-- For the first time in their lives, 11-month-old twin girls Acen and Apio Akello are experiencing the world apart from one another. The girls, conjoined at the pelvis and hip area, were separated during a 16-hour surgery last week.
The girls are recovering today at the Nationwide Children’s Hospital in Columbus, Ohio, as they will have to learn to crawl, sit up and even walk now that they're no longer conjoined. The marathon surgery involved at least 30 members of the hospital's medical staff and a delicate procedure to divide nerves between the two girls without causing lasting damage, doctors said.
Before their surgery, the girls’ mother Esther Akello said she was eager to see them after they were separated.
“I’ll be very happy to finally hold my babies in my arms and be able to fit them separately. It will be very exciting for me,” she said through a translator. The family is from Uganda.
Dr. Gail Besner, chief of pediatric surgery at Nationwide Children’s Hospital, worked with at least 30 medical staff members during the operation and said they spent “several hundred hours” preparing for the surgery.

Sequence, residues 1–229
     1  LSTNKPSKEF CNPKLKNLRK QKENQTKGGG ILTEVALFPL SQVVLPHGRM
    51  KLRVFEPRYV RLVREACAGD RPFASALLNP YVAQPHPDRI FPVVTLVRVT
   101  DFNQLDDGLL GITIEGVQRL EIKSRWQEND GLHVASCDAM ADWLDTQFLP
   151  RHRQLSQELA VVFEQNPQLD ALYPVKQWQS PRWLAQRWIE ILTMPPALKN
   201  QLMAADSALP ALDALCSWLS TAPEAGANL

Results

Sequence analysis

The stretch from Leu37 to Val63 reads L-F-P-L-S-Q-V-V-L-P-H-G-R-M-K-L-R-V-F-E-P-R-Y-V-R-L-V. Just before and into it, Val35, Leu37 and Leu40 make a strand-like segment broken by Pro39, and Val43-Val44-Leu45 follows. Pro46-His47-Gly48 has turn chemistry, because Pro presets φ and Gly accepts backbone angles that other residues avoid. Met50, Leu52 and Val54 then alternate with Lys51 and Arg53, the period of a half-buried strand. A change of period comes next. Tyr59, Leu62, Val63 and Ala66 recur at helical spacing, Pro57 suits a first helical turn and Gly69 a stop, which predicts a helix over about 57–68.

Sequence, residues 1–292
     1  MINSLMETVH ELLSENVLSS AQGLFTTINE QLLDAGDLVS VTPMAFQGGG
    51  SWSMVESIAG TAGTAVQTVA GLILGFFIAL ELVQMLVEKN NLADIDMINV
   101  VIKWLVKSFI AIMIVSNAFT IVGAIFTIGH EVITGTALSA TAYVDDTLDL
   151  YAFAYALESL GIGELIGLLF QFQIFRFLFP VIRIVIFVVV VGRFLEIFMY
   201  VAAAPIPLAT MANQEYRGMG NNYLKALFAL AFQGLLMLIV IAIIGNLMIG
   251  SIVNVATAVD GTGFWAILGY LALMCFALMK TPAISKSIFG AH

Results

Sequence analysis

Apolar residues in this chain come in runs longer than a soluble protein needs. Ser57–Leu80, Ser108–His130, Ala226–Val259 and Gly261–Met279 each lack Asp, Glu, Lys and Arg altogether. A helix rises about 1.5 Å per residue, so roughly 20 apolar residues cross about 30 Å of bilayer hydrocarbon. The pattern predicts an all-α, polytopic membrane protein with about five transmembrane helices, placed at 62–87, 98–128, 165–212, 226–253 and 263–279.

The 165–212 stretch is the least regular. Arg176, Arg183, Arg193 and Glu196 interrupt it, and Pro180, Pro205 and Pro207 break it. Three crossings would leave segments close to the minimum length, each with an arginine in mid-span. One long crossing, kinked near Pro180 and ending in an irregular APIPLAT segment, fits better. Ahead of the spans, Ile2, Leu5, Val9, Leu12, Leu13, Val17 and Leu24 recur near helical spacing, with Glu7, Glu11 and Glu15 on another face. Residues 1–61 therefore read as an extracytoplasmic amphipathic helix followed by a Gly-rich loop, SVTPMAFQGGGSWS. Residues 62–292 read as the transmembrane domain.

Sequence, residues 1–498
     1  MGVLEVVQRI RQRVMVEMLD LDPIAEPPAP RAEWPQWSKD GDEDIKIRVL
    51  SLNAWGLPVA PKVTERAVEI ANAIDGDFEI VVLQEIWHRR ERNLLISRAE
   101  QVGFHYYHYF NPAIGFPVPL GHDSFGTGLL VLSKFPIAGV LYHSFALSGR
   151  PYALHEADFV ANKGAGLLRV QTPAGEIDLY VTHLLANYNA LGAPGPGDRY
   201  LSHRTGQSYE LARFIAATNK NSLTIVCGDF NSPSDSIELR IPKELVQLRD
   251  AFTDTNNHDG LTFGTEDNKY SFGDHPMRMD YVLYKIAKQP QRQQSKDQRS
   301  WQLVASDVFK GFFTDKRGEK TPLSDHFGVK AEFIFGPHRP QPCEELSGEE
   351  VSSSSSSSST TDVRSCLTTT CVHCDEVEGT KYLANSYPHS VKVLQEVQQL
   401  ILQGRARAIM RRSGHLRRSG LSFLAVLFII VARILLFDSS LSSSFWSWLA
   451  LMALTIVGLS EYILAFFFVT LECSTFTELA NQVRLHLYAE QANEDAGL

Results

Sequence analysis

“I do find they always have different personalities,” Besner told ABC News of working with conjoined twins. “One is more submissive, one [Acen] is slightly smaller than the other and is a little more high strung.”
The girls first arrived in the hospital with their mother in December when they were given tissue expanders to help prepare them for surgery. Since their arrival, doctors prepped for the operation in multiple ways, including printing 3-D models of the girls’ internal organs and practicing operation techniques on two dolls sewn together.
Besner said the girls are doing well and out of the intensive care unit, but that they will need a lot more therapy before they leave.
“The girls will continue to receive treatment at this time, and I can’t wait to watch them grow,” Besner said in a statement. “My hope is that they will be able to sit up on their own, walk and play like any other child.”
In video released by the hospital, the doctors let out a small cheer as the girls were officially separated. Besner told ABC News that when she told the girls’ mother that they were doing well and full separated, she did a cheerful dance in celebration.
“The mothers have been waiting for months and months and they’re worried and there’s anticipation,” Besner said. “When you can tell them the babies are safely separated and doing well, it’s indescribable. This mother did an African dance for me and it was really, really precious.”